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EMF Protection Magic Carpet Ride

October 8, 2020

A home experiment to reduce exposure to microwave radiation while using a Wi-Fi printer to manually scan documents. An aluminum screen was draped over the printer which greatly reduced radiation levels experienced, even at close range.

Like many Wi-Fi devices, there was no evident way to turn off the Wi-Fi radiation on the printer even when not in use, even while using the printer via a wired USB connection, pictured here.

Thankfully, the sheet of aluminum screen greatly reduced exposure even working adjacent to the printer at very close range.

As the video demonstrates, radiation levels were very strong and constant near the printer, overpowering the radiation meter (the HFE35C High-Frequency Analyzer from GigaHertz Solutions, using an omnidirectional antenna, once considered best-in-class). The meter’s built-in limit is 2,000 microwatts per square meter, when the signal is higher an error is given as shown in the video. (To read the higher level either an attenuator could be added, or a different meter with a higher limit could be used instead.)

Draping the screen over the printer brought the radiation levels down considerably, as well as shielding from additional Wi-Fi coming through the floor from a lower unit. The screen was also comfortable to sit on, although slippery, and could be easily folded back off the printer while scanning documents in order to lift the lid and change documents while still minimizing direct bodily exposure.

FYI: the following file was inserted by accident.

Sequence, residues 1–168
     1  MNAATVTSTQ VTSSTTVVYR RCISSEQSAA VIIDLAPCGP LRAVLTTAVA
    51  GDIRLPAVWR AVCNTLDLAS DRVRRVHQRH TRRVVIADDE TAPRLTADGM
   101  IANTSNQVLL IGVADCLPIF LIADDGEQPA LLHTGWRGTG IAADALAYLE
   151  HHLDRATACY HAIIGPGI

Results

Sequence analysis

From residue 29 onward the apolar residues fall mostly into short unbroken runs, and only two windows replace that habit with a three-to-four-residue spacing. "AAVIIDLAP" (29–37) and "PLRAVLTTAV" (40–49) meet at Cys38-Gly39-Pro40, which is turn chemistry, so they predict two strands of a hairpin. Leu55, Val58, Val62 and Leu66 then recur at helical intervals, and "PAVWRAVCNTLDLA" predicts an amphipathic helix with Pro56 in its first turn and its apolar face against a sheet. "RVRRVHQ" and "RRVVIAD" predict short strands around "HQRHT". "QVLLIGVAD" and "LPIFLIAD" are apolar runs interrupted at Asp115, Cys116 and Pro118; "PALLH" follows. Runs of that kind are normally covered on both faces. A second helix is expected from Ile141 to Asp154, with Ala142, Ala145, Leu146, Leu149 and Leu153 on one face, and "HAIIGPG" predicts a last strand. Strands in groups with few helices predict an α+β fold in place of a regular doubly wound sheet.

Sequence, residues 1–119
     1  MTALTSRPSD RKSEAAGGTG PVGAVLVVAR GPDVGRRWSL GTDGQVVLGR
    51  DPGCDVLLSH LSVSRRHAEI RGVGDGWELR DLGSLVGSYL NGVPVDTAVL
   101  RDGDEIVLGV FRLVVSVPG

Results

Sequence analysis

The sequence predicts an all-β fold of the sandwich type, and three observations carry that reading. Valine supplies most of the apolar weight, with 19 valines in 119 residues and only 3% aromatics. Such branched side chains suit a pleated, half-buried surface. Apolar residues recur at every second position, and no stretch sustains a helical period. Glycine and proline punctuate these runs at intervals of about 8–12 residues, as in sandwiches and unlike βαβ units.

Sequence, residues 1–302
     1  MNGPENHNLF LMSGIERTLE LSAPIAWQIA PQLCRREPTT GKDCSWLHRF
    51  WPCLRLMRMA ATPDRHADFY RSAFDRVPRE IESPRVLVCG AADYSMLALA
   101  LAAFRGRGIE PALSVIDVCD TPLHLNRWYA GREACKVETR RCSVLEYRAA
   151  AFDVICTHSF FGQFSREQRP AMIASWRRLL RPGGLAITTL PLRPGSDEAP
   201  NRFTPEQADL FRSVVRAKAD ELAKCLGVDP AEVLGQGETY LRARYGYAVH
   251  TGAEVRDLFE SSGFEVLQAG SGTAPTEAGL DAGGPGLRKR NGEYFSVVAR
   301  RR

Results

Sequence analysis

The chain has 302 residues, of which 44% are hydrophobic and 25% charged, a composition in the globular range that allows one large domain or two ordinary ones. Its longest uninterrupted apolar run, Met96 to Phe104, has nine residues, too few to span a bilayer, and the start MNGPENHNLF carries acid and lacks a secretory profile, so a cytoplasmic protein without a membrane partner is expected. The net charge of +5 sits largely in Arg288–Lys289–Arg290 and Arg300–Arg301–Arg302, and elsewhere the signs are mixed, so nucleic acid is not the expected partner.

This successful trial has implications for anyone seeking to protect themselves from wireless radiation. A sheet of lightweight, flexible aluminum (not steel) screen is a portable and easily applied shield. It can be used as a carpet to sit on or to drape over devices, or to protect from radiation coming through a floor, window or wall. Screen is various widths, here the screen was 48″ wide (4 foot/1.22 meter). This Agent had bulk-purchased a 100-foot roll to shield windows, walls and floors creating the opportunity to experiment with draping a magic carpet techniques.

As with any shielding, testing is required to observe the effects of the shield, as unexpected and unwanted results may occur. Obviously, it would be better to eliminate the source (in this case, to use a non-Wi-Fi scanner) but we don’t always have easy choices about what resources are available.

Is Wi-Fi Dangerous? What Can I Do?

Low-cost meters and many additional ways of mitigating exposure, and reasons for doing so, are described in another recent Meggs Report:

Note: Your Agent Meggsy is available for individual free consult to anyone committed to taking reasonable action to limit exposure.

UPDATE: You might enjoy this whimsical realization that a microwave oven can be used as a safe box for errant wireless appliances that won’t stop irradiating your household:

Meggs holds a Master’s in Public Health (Environmental Health Sciences Division) from the University of California at Berkeley in combination with a Master’s in Urban Planning focused on Sustainable Transportation & Land Use in the International Field, as well as a Bachelor’s degree in Computer Science & Electrical Engineering, with a Minor in Entomology
(the study of insects – as well as pesticides).

Meggs also holds an engineering degree in Computer Science and Electrical Engineering,
also from UC Berkeley.

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